Cryoablation may be an effective treatment method for women with low-risk breast cancers, according to research presented at RSNA 2018 in Chicago.

The brains of men with internet gaming disorder (IGD) showcase issues not present in the brains of women with the same disorder, according to a study presented Nov. 28 at RSNA 2018 in Chicago.

Repeated blows to the head can cause changes to the brains of young football players, according to a new study presented at RSNA 2018 in Chicago.

Obstructive sleep apnea (OSA) and snoring may impact cardiac function in women more than it does in men, according to new research presented at RSNA 2018 in Chicago.

There’s no question that gadolinium-based contrast agents leave behind traces of the rare-earth metal in the human brain. These remnants can hang around for months or even years, and that goes for both the linear and macrocyclic varieties. What’s not settled is whether or not “gad” depositions cause harm.

Annual mammography screening beginning at age 30 may provide value to patients with dense breast tissue, a personal history of breast cancer or a family history of breast cancer, according to new research presented at RSNA 2018 in Chicago.

What does it take to get your research published in a major radiology journal? David A. Bluemke, MD, PhD, editor-in-chief of RSNA's Radiology journal, shared some advice with attendees Wednesday, Nov. 28, at RSNA 2018 in Chicago.

Radiologist Puneet Bhargava, MD, spoke Wednesday, Nov. 28, at RSNA 2018 in Chicago about how to enhance personal productivity.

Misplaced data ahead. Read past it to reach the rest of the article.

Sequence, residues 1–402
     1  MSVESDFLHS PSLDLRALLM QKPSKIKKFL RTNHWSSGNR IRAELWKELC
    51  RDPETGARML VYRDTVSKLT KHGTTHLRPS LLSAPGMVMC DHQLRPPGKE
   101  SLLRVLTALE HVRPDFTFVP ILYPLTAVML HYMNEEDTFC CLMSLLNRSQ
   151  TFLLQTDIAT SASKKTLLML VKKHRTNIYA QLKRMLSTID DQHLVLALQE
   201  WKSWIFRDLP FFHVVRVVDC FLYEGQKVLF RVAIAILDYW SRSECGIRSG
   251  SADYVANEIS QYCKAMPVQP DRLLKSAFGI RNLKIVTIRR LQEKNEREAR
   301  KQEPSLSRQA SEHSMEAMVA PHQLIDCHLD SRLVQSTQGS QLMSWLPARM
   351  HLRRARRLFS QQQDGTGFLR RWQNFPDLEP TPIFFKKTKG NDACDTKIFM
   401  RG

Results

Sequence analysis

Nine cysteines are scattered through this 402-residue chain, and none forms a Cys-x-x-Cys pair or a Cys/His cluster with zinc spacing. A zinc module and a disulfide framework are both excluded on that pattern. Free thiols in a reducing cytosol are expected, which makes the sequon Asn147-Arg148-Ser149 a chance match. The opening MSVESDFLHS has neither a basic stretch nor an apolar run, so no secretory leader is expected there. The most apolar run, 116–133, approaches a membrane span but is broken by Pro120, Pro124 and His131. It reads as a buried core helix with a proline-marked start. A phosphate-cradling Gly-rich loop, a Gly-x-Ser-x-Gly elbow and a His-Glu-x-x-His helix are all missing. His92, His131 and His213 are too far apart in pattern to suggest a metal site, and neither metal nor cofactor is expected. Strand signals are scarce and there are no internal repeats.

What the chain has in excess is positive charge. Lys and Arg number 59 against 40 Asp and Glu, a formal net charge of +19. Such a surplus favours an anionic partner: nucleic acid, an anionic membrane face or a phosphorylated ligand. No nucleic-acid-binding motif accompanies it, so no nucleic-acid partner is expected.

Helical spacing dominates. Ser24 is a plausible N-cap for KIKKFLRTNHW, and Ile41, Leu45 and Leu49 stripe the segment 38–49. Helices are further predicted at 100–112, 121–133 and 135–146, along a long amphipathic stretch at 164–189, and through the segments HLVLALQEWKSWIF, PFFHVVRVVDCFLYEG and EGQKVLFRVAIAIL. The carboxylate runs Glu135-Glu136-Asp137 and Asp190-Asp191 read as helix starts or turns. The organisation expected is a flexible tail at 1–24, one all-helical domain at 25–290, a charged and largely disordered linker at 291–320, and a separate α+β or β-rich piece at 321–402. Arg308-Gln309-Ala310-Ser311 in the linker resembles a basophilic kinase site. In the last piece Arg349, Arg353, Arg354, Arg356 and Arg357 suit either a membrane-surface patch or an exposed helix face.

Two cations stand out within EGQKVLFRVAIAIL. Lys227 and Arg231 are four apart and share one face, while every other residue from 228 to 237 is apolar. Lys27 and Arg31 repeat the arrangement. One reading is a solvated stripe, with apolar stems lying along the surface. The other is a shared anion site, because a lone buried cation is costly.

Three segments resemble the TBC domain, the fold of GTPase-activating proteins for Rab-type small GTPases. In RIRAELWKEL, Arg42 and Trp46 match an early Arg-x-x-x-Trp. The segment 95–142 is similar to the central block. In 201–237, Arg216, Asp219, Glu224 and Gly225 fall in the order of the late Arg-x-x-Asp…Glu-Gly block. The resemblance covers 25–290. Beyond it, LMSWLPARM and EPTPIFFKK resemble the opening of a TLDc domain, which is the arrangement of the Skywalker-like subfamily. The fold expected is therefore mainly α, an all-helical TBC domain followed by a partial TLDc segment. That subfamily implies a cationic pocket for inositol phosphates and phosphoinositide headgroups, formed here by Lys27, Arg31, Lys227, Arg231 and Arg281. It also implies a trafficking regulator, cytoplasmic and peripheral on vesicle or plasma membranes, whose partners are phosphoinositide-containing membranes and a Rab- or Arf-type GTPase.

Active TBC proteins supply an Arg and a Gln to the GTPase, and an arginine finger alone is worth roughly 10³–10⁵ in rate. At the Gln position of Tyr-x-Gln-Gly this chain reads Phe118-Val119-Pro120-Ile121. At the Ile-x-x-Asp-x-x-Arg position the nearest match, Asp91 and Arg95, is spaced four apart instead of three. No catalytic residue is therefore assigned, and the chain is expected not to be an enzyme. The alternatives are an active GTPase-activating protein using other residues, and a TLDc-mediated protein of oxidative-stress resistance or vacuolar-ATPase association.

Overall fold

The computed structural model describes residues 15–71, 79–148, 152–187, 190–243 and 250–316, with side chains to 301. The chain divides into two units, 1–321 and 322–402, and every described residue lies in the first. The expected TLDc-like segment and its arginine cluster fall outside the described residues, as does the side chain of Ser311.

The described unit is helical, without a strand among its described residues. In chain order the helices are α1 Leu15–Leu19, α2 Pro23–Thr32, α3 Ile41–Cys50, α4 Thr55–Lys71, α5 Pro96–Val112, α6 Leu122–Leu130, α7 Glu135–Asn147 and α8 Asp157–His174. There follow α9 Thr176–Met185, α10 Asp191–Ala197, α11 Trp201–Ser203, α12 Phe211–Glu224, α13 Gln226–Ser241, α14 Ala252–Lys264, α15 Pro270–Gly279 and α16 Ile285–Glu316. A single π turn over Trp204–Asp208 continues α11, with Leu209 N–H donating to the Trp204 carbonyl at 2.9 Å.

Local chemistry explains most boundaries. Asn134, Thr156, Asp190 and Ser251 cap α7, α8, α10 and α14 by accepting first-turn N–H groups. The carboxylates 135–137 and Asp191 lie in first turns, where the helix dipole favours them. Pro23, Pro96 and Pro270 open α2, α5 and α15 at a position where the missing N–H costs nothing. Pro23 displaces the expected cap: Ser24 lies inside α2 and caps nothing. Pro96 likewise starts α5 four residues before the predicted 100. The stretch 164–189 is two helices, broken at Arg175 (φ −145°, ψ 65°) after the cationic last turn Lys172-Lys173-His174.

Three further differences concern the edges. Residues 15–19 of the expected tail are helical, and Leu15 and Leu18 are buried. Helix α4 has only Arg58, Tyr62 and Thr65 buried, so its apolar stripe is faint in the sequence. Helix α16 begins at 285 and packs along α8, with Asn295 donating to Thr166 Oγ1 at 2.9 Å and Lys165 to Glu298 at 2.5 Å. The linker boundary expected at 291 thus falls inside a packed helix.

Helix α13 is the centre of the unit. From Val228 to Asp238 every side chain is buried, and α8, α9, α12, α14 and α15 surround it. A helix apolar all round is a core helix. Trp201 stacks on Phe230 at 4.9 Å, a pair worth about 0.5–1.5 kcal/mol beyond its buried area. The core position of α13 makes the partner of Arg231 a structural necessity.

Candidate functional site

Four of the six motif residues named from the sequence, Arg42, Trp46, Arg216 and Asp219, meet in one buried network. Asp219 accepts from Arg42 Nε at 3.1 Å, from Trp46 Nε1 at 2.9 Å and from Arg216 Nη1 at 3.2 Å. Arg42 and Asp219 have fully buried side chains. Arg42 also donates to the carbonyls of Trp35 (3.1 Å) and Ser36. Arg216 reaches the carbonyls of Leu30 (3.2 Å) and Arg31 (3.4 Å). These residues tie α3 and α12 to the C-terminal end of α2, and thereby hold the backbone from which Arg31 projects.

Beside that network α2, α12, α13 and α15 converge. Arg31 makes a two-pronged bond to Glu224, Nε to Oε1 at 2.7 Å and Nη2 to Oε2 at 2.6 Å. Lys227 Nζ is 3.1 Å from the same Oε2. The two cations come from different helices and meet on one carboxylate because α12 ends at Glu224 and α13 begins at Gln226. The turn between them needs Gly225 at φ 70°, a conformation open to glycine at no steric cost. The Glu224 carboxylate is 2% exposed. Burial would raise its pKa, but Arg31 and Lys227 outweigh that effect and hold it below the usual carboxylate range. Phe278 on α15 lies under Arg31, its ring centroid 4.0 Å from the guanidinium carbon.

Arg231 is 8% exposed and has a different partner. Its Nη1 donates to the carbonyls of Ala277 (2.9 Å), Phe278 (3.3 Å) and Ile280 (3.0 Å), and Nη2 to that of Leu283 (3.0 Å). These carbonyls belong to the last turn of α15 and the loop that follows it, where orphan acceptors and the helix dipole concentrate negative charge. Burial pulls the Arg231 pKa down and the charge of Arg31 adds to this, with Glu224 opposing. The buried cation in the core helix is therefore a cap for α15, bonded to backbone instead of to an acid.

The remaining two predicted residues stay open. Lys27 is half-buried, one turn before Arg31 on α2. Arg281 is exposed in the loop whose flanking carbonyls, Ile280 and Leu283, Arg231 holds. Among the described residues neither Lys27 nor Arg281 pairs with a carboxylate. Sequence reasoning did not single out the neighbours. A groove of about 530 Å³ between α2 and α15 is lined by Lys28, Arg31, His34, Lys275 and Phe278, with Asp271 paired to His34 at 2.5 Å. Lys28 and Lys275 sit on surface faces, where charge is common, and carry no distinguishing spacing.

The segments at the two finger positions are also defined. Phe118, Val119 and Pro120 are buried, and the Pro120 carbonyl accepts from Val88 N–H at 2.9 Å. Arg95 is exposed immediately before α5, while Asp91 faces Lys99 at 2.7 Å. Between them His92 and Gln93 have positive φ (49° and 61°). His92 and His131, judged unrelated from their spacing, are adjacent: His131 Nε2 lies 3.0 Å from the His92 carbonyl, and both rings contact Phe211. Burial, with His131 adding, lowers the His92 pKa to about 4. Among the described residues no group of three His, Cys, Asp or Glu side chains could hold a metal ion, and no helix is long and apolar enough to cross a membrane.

Taken by the numbers, the population at RSNA 2018 isn’t hard to get a handle on. A pre-conference survey showed the largest three cohorts by job title to be radiology administrators (29.3 percent), technologists (19.5 percent) and radiologists (17.7 percent). That’s all interesting enough, but numbers don’t talk. People do.

Radiologist Paul Chang, MD, medical director of enterprise imaging at the University of Chicago, began his presentation Tuesday, Nov. 27, at RSNA 2018 by saying radiologists were in need of a reality check when it comes to artificial intelligence (AI).

Medical imaging equipment is highly susceptible to cyberattacks, putting hospitals and imaging centers at a serious risk of losing functionality of those systems and even having data stolen by an outside entity. This concerning issue is the focus of two studies being presented at RSNA 2018 in Chicago.

Patient-centric radiology is critical to providing high-quality patient care, and radiologists are beginning to take note. Olga R. Brook, MD, of Beth Israel Deaconess Medical Center (BIDMC) in Boston, will be discussing patient-centric radiology Thursday, Nov. 29, at RSNA 2018 in Chicago.